Michelle Rupp: Hello and welcome to this episode of AFMC TV. I’m your host, Michelle Rupp. Today we’re talking all things babies. We’re going to jump right in with one of our nurses here at AFMC, Shaneca Smith. How are you?
Shaneca Smith: Hi Michele, I’m doing great.
MR: Thank you so much for joining us this morning.
SS: Thank you for having me.
MR: You are part of an organization called None for Nine. Tell us what that’s all about.
SS: Absolutely. Arkansas Nine for Nine is a nonprofit organization that focuses on providing awareness of Fetal Alcohol Spectrum Disorders, or FASDs, within Arkansas. We provide support to individuals affected by FASDs and their families.
MR: Can you give an example of an FASD? What are we talking about?
SS: Absolutely. FASD is an umbrella term that describes the range of effects in an individual whose mother drinks alcohol during pregnancy. Some of the effects include physical, mental, behavioral, or learning disabilities and those issues can also be lifelong complications for the individual.
MR: Oh wow. Okay. Let’s talk about how important a coalition like this is.
SS: Well, Michelle, it’s essential. The one thing that we want to stress is that when a woman is pregnant, she often doesn’t know for some time. So even though she may stop drinking at the early portion of her pregnancy, once she’s learned about it, most of the time, it’s many weeks on. Her baby is still at risk for FASD. Another point is that any amount of alcohol can harm a developing fetus or embryo at any time within a woman’s pregnancy. It is critical to get the word out to everyone regarding the importance of not drinking alcohol during pregnancy. Another thing, Michelle, that many people don’t realize is that of all the substances of abuse, alcohol produces the most serious neural behavioral effects on a fetus.
MR: So, we’re talking about just drinking alcohol in general. We’re not just talking about the mothers who are drinking throughout the entire nine months. We’re also talking about, as you pointed out, those moms who are, I like to call them, freshly pregnant. They don’t know that they’re pregnant and they’re out with the girls. They have a girls’ night out, and they’re having a glass of wine. No indication, no thought whatsoever that they might be pregnant. We’re talking to them too.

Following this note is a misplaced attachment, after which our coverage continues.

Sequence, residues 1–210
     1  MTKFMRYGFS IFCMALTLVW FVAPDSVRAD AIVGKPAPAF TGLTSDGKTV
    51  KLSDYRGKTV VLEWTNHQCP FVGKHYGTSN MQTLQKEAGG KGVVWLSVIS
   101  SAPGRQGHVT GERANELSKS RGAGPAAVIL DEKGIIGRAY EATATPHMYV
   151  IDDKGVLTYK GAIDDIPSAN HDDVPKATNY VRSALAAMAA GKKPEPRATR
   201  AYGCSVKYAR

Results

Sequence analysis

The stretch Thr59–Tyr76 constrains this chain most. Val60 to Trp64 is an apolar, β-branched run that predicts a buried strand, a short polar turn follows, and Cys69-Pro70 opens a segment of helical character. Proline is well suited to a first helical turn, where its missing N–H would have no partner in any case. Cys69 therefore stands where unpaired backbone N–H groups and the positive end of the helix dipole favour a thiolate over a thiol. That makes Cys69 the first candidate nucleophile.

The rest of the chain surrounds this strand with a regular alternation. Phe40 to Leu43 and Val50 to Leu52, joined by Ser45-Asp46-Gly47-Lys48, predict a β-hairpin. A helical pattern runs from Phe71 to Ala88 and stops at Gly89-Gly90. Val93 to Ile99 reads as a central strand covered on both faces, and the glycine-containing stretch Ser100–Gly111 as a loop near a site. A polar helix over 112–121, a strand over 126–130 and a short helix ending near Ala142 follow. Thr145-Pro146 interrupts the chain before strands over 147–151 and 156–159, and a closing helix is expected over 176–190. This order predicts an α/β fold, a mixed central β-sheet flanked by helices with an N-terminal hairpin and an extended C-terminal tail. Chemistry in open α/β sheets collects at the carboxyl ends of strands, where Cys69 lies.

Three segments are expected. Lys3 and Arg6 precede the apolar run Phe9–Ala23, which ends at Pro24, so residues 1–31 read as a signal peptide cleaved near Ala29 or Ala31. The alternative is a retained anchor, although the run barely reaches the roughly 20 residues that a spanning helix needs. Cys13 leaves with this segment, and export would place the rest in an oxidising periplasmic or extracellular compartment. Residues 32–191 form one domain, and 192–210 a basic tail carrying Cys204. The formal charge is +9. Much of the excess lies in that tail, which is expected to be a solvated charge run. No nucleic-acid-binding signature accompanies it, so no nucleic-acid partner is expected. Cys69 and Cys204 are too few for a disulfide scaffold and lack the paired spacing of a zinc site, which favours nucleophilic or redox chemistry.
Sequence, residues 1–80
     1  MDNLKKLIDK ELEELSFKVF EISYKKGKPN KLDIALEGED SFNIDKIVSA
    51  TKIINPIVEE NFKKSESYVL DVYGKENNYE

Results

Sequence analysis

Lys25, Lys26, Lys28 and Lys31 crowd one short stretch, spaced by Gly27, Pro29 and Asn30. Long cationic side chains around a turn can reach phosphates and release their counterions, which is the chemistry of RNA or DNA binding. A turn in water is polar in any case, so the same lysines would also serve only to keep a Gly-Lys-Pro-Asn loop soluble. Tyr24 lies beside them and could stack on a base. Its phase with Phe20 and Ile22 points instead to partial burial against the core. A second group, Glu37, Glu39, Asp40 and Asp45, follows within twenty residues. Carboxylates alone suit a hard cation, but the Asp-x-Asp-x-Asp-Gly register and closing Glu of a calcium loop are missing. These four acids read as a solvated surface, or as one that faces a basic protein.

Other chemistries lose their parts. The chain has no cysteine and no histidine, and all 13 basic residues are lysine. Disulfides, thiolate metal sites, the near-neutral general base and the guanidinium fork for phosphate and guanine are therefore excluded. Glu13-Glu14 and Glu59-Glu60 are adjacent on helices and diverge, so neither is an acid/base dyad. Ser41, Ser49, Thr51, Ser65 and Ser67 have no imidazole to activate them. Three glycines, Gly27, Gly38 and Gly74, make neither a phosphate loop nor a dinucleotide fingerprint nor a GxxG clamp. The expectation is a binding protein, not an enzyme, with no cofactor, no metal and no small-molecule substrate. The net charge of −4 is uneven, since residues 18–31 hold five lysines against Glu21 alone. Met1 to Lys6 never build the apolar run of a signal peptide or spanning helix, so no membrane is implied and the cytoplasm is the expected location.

SS: Yes, that is the population we’re talking to because, as I stated, it doesn’t matter what amount of alcohol you may consume during pregnancy. We know that everyone metabolizes substances differently. You may have one mom who has a casual drink now and then, or you could have another mom who drinks regularly. There’s no scientific knowledge that says that because she binge drank, the baby will have an FASD. And then, because this other mother had a glass of wine, the baby’s not going to have an FASD. Any amount of alcohol can put your baby at risk of developing FASD.
MR: It’s non-discriminatory.
SS: No, it does not discriminate at all.
MR: Talk about the campaign that’s happening. How long has this campaign been going on?
SS: Well, first I must tell you how we even began all the work we’re doing. In 2008, Arkansas began its efforts to bring attention to FASDs. During that time, several key stakeholders formed a task force that included AFMC, DHS, UAMS, and many others. They were tasked with developing a project for screening, diagnosing, and providing interventions for children on the FASD spectrum. The project ended in 2012. However, out of all those agencies, several volunteers saw the need to continue the work that they were doing. Now everything that is done through Arkansas None for nine is done with volunteers. We’ve done some phenomenal work with these volunteers. We are now an actual affiliate of NOFAS, which is the national organization on fetal alcohol syndrome. We’ve worked with the CDC on training materials, and most notably, we recently helped establish alcohol warning signage for any establishment in Arkansas that sells or distributes alcohol. These signs provide a warning about consuming alcohol during pregnancy.
MR: If someone wanted to reach out for more information, is there a website they can visit?
SS: Yes. Our website is arkansasnonefornine.org. We have a Facebook page. We have a Twitter page. I will tell you, some of these efforts have paved the way for Arkansas’s first diagnostic center for fetal alcohol spectrum disorders. And it’s the SDRC clinic, Specialty Diagnostic Resource Center. And you can reach out to them at arksdrc.org as well.
MR: And where is that center located? Is it in Little Rock?
SS: The center is located on the campus of UCA.
MR: Okay, so it’s in Conway. Fantastic.
SS: It’s right here in Arkansas.
MR: I had no idea that a center like that even existed. Thank you for letting us know, Shaneca. Thank you so much for joining us today.
SS: Thank you for having me, Michelle.